Patent infringement – German court practice on preliminary injunctions put to the test before the Court of Justice of the European Union
In the event of infringement of a patent, German courts regularly refuse preliminary legal protection (“preliminary injunctions”) if the validity of the patent has not yet been confirmed in opposition or nullity proceedings. The Munich Regional Court would now like the Court of Justice of the European Union (CJEU) to check whether this practice is compatible with higher-ranking European law.
Preliminary injunctions are of enormous importance for the protection of intellectual property rights. In urgent cases, owners of intellectual property rights can apply for a preliminary injunction instead of or in parallel with proceedings on the merits. German courts act quickly: In trademark, design and competition matters, courts regularly issue preliminary injunctions within a few days, sometimes even within hours, and usually without hearing the opposing party beforehand. Germany is both envied and feared abroad for this legal practice.
“Scrutinized” patents as a prerequisite for preliminary injunctions
However, the situation is different in the case of patent infringement: the issuance of a preliminary injunction generally requires – in addition to the proven infringement of the patent and a particular urgency of the case – that the validity of the patent has been sufficiently established. According to the current case law of the higher regional courts (Germany’s appeal courts), it is not sufficient for the granting authority to have granted the asserted patent after a thorough examination. On the contrary, most courts, especially the highly-esteemed courts in Dusseldorf and Karlsruhe, require that the patent has survived first-instance opposition or revocation proceedings before a preliminary injunction can be issued.
As a result, patentees generally only receive interim legal protection if their patent has obtained the “seal of approval” of having survived adversaryvalidity proceedings. The courts apparently do not fully trust the patent offices to have reliably assessed patentability in the granting procedure alone.
Munich Regional Court: Court practice is contrary to EU law
A patent litigation chamber at Munich Regional Court considers this interpretation to be contrary to European Union law, and therefore has recently referred the matter to the Court of Justice of the European Union (LG München I, order of January 19, 2021 – 21 O 16782/20). According to Art. 9(1) of the European Enforcement Directive 2004/48/EC, EU Member States must ensure that a provisional injunction may be ordered against a patent infringer in order to prohibit the continuation of a patent infringement. However, according to the established case law of the higher regional courts outlined above, this is oftentimes not possible, because a patent which has only just been granted – as in the present case – may not yet have been subject to validity proceedings.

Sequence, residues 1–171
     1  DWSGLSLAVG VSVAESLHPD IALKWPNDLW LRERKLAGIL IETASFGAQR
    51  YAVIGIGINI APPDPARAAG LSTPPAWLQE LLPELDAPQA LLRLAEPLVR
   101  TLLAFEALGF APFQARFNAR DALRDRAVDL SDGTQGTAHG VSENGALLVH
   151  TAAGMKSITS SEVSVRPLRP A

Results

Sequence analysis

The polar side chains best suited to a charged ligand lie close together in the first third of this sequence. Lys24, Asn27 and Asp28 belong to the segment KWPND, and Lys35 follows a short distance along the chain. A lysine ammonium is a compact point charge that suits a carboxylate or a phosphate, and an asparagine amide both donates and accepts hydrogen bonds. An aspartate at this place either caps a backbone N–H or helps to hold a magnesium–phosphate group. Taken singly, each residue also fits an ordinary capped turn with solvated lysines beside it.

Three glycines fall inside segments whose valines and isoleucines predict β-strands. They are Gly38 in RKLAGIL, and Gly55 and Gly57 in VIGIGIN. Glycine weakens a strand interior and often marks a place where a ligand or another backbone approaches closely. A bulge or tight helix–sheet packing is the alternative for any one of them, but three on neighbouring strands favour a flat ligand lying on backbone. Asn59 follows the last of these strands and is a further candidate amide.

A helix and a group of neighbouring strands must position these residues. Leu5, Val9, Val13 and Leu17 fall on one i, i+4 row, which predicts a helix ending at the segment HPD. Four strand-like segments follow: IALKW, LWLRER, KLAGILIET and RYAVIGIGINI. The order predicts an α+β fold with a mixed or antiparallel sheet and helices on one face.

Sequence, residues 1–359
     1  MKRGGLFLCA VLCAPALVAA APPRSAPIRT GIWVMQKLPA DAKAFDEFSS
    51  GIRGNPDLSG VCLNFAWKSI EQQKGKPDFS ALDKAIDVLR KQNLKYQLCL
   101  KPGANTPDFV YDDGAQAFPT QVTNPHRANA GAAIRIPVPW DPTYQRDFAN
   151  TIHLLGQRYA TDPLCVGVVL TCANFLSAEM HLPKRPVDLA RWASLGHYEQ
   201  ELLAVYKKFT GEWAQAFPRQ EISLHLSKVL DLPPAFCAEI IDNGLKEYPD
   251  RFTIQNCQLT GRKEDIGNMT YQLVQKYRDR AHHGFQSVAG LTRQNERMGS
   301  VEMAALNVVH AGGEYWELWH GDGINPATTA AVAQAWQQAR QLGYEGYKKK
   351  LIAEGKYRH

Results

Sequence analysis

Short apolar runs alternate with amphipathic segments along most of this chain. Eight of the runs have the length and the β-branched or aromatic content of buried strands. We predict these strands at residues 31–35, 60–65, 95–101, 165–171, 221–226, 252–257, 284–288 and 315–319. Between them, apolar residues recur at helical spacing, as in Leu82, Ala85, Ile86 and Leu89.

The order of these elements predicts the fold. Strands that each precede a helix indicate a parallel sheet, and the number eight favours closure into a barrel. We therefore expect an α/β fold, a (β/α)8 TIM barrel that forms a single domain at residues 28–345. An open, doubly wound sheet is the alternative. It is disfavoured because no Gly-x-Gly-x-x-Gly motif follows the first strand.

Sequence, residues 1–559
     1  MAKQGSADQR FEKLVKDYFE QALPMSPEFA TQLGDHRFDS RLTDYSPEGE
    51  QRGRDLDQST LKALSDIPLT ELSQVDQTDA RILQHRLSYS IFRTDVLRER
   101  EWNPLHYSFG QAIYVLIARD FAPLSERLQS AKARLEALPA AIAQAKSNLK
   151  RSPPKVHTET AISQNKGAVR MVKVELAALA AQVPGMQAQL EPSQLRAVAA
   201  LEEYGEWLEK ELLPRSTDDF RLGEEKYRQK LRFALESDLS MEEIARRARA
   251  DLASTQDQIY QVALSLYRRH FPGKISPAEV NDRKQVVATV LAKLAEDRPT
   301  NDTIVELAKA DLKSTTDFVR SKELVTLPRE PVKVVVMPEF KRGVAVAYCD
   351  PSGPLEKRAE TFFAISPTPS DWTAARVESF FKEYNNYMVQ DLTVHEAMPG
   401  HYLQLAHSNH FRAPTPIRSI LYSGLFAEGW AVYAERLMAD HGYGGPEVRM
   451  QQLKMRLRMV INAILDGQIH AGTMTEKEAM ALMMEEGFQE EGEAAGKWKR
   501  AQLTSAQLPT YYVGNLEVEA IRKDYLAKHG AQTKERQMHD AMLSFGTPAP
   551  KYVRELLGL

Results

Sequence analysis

In-depth technical examination before issuance
The Munich judges point out that even patents granted a long time ago have often not yet been tested in such adversary validity proceedings at the time of the application for a preliminary injunction. The patent proprietor naturally has no influence on whether his patent is attacked in opposition or nullity proceedings after it has been granted. Therefore, even in acute infringement cases, provisional injunctions can only be issued once validity proceedings have been concluded at first instance. This could take many months or even years. The continuation of the patent infringement would have to be accepted during this time according to the case law put up for review, despite the fact that patents – unlike other intellectual property rights – are subject to a detailed technical examination before they can be granted.
Systemic Weaknesses of Interim Legal Protection in Patent Disputes
No matter how the European judges in Luxembourg may judge the current German legal practice, their decision will most likely not cure all the existing weaknesses of the system of preliminary injunction proceedings. The examination of a patent infringement, namely the exact determination of the patent-protected subject-matter and the infringement analysis, is difficult even for experienced judges, and often hardly suitable for preliminary injunction proceedings, in which only a summary examination can ever be carried out in the shortest possible time. However, judges do not have the option to refuse to issue a preliminary injunction merely because the subject-matter and factual issues to be addressed are too complex. As a result, wrong decisions are inevitable. The courts are also bound by the legal status of the patent and cannot refuse to issue a preliminary injunction even where reasonable doubts exist, unless opposition or nullity proceedings are already pending. It is true that the courts may require a security bond from the patent proprietor for the execution of a preliminary injunction. However, the damage caused by a wrongfully issued preliminary injunction is usually irreparable: if a manufacturer is prevented from presenting their product innovation at a leading trade show because of alleged patent infringement, it is of little use to him if the preliminary injunction is lifted months or years later. The product will no longer find a buyer.